The nomenclature of spare parts and consumables, which the car owner purchases independently, is steadily declining: even a specially trained person pours gasoline at gas stations. And only a few positions on the shelves confidently hold the defense. A typical example is car lamps. It would seem that the life of bulbs is not so difficult compared to, say, spark plugs. However, the headlights suddenly go out much more often than we would like. At the same time, the vast majority of bulb manufacturers do not indicate their life, preferring indefinite “+ 50%” or immodest “three times”.
By the way, the stronger the declared luminous flux, the lower the lamp life, but this is also not customary to spread about. Unofficial information obtained from one of the largest lamp cases of the manufacturer says that an ordinary lamp should shine for about 500 hours, and various kinds of “improved” ones should be two to three times less. But in fact? In short, we decided to conduct our reliability tests.
HOW TO CLOSE THE BLACKOUT?
The editor has neither the ability nor the desire to drive light bulbs for 500 hours. But he is not forbidden to recall the basics of electrical engineering, according to which an increase in the supply voltage of an electric lamp is extremely negatively reflected in its resource. The addiction is very cool: minus the fourteenth degree!
For example, the increment of the supply voltage by only 10% comes with an almost four-fold decrease in the resource. (By the way, is it possible to check the voltage in the electrical system if you are tired of changing the bulbs?) The second evil enemy of the bulbs is vibration. Headlights on bumps go out much more often than when driving on smooth asphalt (we, unfortunately, did not remember the formula linking the depth of the pothole to the lamp life).
To take into account both factors, we built a test bench with a powerful adjustable power source and a no less powerful vibrator - a kind of great analogue of a vibrating alert from a cell phone. In this overstressed mode, accelerated tests should have taken only a few days. It remained to stick a dozen brand new H7 bulbs into the jacks of the stand.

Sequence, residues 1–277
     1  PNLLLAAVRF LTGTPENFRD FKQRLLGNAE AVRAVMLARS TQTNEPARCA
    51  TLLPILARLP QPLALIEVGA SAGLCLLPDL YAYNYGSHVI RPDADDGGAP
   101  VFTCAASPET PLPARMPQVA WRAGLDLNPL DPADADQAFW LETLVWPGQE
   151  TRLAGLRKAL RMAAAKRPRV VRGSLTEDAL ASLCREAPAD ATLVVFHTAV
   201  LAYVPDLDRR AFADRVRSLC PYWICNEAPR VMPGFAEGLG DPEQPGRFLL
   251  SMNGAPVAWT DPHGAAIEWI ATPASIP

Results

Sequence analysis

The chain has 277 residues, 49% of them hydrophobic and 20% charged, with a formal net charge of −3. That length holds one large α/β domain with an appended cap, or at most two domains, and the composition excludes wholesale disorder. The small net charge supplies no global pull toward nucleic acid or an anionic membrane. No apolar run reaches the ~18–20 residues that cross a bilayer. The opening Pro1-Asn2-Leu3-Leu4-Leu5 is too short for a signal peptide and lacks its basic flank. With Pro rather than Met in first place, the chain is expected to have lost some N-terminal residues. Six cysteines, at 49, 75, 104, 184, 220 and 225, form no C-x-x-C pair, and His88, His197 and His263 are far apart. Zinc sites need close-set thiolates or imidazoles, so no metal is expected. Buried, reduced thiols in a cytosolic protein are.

Note that we tried to purchase both ordinary lamps and “improved” ones from the same company. There were four such pairs, the company they made four more singles. Well, turn on the light …
YES WILL BE LIGHT
Turning on the light, by the way, is very difficult … Twelve light bulbs eat about 60 A, the wires melt, and this whole farm shakes and buzzes merrily! But interesting. First, crawl smoothly from zero: you need to make sure that all the lamps are working and there are no hidden defects. We reach 14.7 V and in this mode we drive the light bulbs for a couple of hours. So far, everything is in order, but the extreme has not yet begun. Smoothly go higher … Stop!
"Chandelier" fades a little: the first loser leaves the race at a voltage of 16.5 V. From this moment we add no more than 0.5 V, keeping the lamps at each line for four hours. On the voltmeter 17.0 V - ten participants remain. 17.5 V - four lamps still on! 18.0 V - the top three are determined.
Finally, the exorbitant 18.5 V complete the test: the first is the Ring R477, followed by the "long-playing" HELLA Long Life. And finally, it gets dark in the eyes: OSRAM Ultra Life finally removes the load from the power source. The champion stayed on our electric rack for about 20 hours. In terms of normal operation, this …
However, no manufacturer, of course, counts his bulb under one and a half overvoltage. Empirical formulas work correctly only with very small deviations from the nominal voltage. In general, any extrapolation is probabilistic.
The scheme opens in full size on a mouse click:
BURNED AT WORK
It is curious that the first two places in our extreme were taken by products with increased declared service life. By the way, lamps for HELLA, according to our information, are doing the same OSRAM, and therefore - double congratulations to the company. Note that visually the spiral of the winning lamp differed from the others in a slightly longer length. This time we did not check the light distribution, since the task was completely different. However, we can repeat our recommendations: we are for products of reputable brands. The likelihood that they will shine correctly and for a long time is still higher.
BTW, ABOUT RESOURCE
- Most often, the bulbs burn out at the moment of switching on: a cold thread has a low resistance and generates a large initial current. Therefore, try not to switch the lights back and forth without the need. Moreover, the dipped beam must be turned on constantly.
- Noticing that when the engine is turned off, the brightness of the lamps decreases markedly, check the voltage in the electrical system. If it is very high (more than 14.5 V), not only the bulbs, but also the battery will quickly fail.
- Do not buy any LED crafts for the head optics, no matter how sweet the seller sings about them! Real LED headlights for Audi R8 cost tens of thousands of dollars, and universal semiconductor substitutes for high-power lamps today simply do not exist. Weak LEDs pushed into the body of a standard lamp cannot shine. Another thing is the daytime running lights: there LEDs perform their function with dignity.